Quinn Emanuel secured a major trial victory against Citibank in federal court in New York. The case was also remarkable for the speed with which Quinn Emanuel handled it. On August 11, 2020, Citibank paid nearly $900 million to hundreds of Revlon lenders on a 2016 loan. Each received exactly what it was then owed in principal and interest. More than 20 hours later, Citibank said its payments were a mistake, that it had intended to pay only interest. Citibank demanded return of nearly all of the money.
Over the next few days, lenders holding more than $300 million of the Revlon loans agreed to return the principal repayments. But the lenders managed by ten investment managers represented by Quinn Emanuel—more than 100 lenders who held over $500 million of the loans—rejected Citibank’s demand. As the Quinn Emanuel team read the law, the lenders were entitled to retain the funds because: (1) the payments were exactly what was owed; (2) the lenders had no reason to believe, at the time the payments were received, that they would have been made in error; and (3) the lenders did nothing to induce Citibank to make the payments.
One week later, Citibank sued Brigade, Symphony, HPS, and seven other investment managers. The cases were consolidated before Judge Jesse Furman. He issued temporary restraining orders preventing defendants from touching the funds before trial. He set an expedited schedule, requiring that all fact discovery, expert discovery, and pre-trial motions be done in three months. On December 9, he began a one-week, fully remote bench trial. Throughout the case, Citibank expressed complete confidence that defendants had to return the money. That ended in February, when Judge Furman issued a 101-page decision rejecting Citibank’s claims, holding that the lenders can retain the payments.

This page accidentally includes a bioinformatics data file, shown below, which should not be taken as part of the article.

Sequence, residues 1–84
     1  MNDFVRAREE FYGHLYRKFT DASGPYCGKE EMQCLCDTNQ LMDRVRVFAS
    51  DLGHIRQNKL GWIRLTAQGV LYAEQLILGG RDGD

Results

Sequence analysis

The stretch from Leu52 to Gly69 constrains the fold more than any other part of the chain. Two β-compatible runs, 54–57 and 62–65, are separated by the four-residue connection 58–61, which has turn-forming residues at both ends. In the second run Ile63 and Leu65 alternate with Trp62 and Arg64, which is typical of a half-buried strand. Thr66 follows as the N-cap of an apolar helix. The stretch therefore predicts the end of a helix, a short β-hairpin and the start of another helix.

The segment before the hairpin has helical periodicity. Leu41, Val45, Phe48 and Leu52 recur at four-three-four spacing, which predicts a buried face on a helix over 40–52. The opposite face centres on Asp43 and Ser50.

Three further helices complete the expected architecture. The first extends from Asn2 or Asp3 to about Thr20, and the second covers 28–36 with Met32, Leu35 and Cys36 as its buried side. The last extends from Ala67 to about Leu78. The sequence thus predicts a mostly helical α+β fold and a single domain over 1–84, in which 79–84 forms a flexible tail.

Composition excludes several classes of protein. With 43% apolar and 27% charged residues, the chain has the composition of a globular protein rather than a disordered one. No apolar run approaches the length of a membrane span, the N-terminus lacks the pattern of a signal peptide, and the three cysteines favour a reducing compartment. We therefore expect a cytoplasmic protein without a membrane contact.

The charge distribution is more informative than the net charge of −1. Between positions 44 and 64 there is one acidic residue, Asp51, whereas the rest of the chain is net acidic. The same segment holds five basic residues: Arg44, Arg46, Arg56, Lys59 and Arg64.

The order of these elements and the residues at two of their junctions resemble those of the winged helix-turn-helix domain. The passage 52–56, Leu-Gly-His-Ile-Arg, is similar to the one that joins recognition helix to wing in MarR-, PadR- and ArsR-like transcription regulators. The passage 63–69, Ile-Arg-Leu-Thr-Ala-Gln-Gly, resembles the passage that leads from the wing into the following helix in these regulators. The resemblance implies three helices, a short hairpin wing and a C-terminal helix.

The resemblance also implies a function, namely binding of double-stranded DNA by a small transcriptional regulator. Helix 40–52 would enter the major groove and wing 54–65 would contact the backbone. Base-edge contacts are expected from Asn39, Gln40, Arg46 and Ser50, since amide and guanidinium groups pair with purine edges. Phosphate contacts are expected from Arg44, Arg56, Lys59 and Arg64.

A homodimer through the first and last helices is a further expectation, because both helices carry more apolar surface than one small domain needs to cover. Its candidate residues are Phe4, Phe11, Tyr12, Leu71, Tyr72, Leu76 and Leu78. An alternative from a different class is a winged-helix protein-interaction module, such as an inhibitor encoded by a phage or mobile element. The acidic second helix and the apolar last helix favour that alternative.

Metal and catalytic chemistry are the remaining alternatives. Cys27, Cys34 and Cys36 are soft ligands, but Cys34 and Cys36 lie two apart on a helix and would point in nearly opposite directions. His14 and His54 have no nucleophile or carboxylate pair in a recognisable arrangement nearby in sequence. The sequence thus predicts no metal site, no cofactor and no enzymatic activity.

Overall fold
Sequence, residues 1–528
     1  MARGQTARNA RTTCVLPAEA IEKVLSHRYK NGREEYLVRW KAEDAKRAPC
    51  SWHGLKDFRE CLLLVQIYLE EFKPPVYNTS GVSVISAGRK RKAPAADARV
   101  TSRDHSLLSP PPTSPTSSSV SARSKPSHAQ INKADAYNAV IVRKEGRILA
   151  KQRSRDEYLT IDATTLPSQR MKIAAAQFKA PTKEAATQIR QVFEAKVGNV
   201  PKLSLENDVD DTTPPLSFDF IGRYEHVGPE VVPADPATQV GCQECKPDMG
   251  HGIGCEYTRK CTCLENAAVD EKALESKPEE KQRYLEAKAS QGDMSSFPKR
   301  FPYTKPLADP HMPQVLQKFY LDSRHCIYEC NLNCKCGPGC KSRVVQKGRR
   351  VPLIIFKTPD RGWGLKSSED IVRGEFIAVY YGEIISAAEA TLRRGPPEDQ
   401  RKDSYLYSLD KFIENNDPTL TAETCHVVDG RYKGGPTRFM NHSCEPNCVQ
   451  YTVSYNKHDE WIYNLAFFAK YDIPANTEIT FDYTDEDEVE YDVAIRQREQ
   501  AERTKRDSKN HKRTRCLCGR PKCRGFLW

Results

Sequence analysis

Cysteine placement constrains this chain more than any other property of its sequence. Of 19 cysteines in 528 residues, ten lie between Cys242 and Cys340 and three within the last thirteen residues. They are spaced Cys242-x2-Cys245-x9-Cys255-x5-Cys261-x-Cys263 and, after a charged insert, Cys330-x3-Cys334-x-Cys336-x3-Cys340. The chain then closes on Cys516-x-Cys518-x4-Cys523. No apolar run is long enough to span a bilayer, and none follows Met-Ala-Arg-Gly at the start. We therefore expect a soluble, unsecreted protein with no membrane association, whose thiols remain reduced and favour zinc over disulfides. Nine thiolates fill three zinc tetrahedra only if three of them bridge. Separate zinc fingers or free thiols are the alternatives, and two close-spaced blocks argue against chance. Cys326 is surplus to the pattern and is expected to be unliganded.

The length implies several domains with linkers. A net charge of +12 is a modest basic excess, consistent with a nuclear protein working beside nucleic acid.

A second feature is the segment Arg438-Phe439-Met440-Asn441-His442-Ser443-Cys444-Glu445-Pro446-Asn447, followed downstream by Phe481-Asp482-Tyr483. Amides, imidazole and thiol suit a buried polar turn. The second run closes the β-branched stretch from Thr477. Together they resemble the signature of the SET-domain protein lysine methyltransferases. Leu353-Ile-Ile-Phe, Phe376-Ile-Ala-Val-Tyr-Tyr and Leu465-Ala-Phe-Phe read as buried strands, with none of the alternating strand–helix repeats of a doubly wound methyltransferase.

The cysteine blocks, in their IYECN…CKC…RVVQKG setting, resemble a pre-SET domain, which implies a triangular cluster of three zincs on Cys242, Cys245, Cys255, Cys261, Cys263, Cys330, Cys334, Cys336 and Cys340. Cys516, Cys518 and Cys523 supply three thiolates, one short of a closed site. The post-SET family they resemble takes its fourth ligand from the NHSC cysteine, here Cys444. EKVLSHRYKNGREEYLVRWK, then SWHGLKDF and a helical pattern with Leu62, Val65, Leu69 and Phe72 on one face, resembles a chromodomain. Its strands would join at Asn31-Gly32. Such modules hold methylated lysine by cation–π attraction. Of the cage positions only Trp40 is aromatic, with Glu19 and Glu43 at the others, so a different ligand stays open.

The Quinn Emanuel team based its case on New York’s “discharge for value” rule, which states that a lender is entitled to keep funds where it is paid what it is owed, without receiving any notice, at the time of the payment, of a mistake. Judge Furman agreed that the doctrine applies here. He found that Quinn Emanuel’s witnesses had credibly established that they did not know—and had no reason to know—that Citibank had erred when it payed the lenders exactly the amounts they were owed. Indeed, “[g]iven a choice between assuming that Revlon had paid off the 2016 Term Loan early—as borrowers sometimes do—and assuming that Citibank or Revlon had mistakenly transferred over $900 million—something no bank may have ever done before (and may never do again)—it would have been borderline irrational to choose the latter.”